Vertebrate visual pigment proteins contain a conserved carboxylic acid residue in the third transmembrane helix. In rhodopsin, Glu113 serves as a counterion to the positively charged protonated Schiff base formed by 11-cis retinal attached to Lys296. Activation involves breaking of this ion pair. In UV cone pigments, the retinyl Schiff base is unprotonated, and hence such a salt bridge is not present; yet the pigment is inactive in the dark. Mutation of Glu108, which corresponds to rhodopsin's Glu113, to Gln yields a pigment that remains inactive in the dark. The apoproteins of both the wild-type and mutant, however, are constitutively active with the mutant being of significantly higher activity. Thus, one important role for preserving the negatively charged glutamate in the third helix of UV pigments is to maintain a less active opsin in a manner similar to rhodopsin. Ligand binding itself in the absence of a salt bridge is sufficient for deactivation. © 2005 Federation of European Biochemical Societies. Published by Elsevier B.V. All rights reserved.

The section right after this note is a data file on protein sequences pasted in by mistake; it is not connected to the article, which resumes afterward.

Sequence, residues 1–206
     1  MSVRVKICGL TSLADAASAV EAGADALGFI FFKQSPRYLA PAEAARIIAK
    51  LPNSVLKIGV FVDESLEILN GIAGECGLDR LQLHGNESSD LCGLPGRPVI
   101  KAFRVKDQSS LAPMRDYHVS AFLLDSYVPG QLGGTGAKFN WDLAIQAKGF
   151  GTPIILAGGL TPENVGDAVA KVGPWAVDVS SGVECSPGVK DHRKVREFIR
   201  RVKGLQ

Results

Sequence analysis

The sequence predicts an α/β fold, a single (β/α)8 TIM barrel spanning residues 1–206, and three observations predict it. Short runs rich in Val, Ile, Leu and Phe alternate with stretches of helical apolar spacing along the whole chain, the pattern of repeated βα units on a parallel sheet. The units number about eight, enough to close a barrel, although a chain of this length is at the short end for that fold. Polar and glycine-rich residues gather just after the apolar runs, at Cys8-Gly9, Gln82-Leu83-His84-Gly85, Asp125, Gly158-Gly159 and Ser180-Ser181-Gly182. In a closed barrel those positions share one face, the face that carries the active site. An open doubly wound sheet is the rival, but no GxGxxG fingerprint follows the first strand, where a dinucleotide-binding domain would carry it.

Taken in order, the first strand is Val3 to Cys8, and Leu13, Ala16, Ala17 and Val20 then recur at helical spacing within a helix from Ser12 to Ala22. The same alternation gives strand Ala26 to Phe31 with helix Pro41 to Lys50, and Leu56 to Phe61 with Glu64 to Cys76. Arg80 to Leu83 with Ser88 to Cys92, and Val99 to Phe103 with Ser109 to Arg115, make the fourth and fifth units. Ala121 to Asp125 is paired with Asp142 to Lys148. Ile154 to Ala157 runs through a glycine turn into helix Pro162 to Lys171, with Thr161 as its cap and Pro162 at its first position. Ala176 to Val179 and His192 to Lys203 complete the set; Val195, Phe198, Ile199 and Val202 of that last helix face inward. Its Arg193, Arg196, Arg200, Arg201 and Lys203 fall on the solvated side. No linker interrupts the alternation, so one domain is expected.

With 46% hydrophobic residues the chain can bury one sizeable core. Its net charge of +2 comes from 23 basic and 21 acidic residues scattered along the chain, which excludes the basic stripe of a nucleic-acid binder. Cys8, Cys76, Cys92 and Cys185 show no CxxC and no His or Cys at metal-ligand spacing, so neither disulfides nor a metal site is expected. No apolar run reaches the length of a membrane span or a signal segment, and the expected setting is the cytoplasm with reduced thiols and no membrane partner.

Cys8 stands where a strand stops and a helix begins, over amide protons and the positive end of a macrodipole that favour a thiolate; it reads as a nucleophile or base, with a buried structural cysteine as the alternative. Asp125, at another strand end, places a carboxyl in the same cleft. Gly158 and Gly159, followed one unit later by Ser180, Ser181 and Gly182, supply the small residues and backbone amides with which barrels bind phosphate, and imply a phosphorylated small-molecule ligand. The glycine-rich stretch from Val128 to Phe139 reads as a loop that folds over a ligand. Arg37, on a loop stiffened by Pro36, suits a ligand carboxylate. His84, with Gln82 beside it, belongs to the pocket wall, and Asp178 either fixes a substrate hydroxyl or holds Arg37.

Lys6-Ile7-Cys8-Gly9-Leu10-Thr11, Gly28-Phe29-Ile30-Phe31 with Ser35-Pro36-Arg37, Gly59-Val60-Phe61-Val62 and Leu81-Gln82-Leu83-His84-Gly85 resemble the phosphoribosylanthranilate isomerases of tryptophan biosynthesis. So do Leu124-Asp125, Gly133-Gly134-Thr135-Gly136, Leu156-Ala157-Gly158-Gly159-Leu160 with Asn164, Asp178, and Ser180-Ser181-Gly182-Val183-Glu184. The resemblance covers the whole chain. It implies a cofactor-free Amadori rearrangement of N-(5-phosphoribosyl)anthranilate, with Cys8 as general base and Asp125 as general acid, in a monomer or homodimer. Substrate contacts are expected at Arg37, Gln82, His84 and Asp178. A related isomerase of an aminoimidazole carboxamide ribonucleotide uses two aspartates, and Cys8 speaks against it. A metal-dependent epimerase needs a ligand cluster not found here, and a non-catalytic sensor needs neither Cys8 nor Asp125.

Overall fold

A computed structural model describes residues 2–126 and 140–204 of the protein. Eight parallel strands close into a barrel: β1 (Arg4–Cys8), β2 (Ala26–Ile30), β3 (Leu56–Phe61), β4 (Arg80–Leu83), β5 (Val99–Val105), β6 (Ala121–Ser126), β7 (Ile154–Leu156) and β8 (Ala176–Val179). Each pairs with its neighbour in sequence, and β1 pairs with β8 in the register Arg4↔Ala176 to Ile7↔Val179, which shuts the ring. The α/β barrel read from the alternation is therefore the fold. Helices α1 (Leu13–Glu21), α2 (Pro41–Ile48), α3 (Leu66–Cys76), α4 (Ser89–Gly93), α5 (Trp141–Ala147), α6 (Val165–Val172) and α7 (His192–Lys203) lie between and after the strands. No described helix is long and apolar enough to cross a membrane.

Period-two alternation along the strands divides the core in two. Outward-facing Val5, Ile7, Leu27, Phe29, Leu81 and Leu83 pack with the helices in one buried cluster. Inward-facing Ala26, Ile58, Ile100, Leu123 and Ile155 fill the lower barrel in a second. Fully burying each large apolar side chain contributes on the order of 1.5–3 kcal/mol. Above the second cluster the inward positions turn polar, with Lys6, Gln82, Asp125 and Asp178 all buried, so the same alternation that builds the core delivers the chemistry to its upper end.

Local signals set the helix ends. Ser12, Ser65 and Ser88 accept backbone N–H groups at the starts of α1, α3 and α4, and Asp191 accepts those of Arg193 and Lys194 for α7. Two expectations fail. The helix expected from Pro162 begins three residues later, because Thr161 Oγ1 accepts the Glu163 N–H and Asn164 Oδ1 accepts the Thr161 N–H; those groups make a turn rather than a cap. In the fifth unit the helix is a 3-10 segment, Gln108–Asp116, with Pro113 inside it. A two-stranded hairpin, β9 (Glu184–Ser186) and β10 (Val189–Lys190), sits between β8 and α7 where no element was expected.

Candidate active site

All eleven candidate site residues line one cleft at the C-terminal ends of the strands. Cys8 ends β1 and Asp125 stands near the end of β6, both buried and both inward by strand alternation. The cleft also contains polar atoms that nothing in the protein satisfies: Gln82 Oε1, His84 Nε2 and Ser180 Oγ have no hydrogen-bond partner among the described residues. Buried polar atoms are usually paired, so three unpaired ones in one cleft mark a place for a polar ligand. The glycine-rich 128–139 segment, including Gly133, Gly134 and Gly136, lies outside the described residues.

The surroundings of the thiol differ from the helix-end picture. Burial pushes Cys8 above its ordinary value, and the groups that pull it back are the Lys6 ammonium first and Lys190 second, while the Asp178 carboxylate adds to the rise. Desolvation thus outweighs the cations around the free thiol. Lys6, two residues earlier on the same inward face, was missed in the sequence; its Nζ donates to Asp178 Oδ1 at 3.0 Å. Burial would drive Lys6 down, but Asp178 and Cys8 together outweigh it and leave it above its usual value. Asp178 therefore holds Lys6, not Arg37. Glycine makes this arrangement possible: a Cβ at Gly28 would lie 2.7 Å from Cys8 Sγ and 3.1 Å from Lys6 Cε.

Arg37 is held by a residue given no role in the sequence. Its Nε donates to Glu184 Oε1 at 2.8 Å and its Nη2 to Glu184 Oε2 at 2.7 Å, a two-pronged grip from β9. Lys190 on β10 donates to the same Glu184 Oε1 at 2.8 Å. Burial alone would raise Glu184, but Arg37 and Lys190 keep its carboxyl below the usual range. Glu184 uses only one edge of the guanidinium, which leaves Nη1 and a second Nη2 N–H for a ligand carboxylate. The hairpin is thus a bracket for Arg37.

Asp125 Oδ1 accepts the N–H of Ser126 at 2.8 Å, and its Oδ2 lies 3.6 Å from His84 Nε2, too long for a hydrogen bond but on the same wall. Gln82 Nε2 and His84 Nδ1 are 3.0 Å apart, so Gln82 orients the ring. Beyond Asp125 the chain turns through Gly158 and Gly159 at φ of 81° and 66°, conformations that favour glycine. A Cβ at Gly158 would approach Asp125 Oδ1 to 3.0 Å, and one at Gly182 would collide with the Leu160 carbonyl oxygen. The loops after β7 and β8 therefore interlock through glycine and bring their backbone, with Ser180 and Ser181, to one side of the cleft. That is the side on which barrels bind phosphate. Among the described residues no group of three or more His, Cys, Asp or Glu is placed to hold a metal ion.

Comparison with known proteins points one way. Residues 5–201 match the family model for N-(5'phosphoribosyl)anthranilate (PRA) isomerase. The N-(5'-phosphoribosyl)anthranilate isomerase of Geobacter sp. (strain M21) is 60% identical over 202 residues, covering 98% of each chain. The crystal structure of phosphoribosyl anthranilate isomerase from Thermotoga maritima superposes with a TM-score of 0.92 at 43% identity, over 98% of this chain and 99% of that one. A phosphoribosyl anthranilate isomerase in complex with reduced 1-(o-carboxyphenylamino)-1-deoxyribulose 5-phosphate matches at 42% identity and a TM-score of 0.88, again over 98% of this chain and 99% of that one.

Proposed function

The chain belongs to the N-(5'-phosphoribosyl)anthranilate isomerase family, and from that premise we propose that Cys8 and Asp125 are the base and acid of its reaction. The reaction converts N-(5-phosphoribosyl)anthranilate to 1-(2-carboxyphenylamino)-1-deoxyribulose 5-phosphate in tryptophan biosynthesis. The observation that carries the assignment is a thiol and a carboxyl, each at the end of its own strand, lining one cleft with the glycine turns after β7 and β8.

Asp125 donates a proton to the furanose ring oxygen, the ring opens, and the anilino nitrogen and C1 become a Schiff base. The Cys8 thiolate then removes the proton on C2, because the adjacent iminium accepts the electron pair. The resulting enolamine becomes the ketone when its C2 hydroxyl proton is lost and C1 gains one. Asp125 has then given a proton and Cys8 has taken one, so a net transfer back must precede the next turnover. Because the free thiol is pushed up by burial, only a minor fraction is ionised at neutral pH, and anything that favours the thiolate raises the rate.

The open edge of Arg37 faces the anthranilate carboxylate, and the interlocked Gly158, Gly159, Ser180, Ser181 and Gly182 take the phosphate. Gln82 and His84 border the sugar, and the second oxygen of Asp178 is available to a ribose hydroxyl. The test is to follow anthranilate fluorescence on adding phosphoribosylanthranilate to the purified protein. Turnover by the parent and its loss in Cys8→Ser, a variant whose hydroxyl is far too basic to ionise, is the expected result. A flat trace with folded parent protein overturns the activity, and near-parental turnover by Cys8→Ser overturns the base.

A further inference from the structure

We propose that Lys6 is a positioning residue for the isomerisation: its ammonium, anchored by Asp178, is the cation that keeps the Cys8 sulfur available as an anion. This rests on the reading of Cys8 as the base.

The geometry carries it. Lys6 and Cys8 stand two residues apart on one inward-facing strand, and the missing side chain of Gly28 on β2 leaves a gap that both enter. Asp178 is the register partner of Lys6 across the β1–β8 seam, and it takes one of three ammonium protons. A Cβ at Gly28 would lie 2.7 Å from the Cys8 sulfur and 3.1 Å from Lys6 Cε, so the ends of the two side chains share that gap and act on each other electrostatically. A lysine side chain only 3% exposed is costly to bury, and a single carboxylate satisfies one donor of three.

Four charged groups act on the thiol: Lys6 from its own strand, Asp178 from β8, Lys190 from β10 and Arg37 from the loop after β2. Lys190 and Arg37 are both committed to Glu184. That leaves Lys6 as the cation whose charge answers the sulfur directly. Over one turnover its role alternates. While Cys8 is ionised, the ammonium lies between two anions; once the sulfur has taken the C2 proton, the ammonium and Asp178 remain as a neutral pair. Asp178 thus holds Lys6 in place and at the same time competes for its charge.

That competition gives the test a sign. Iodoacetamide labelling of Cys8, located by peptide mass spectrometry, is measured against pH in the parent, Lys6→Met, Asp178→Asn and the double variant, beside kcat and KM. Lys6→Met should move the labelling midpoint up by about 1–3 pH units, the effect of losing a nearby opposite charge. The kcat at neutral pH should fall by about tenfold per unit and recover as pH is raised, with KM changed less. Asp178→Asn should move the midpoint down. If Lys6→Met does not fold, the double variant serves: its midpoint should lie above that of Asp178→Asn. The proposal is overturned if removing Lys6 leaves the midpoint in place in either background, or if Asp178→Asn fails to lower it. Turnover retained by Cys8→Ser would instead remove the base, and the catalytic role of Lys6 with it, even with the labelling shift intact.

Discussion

Kono, M. (2006). Constitutive activity of a UV cone opsin. FEBS Letters, 580(1), 229–232. https://doi.org/10.1016/j.febslet.2005.12.002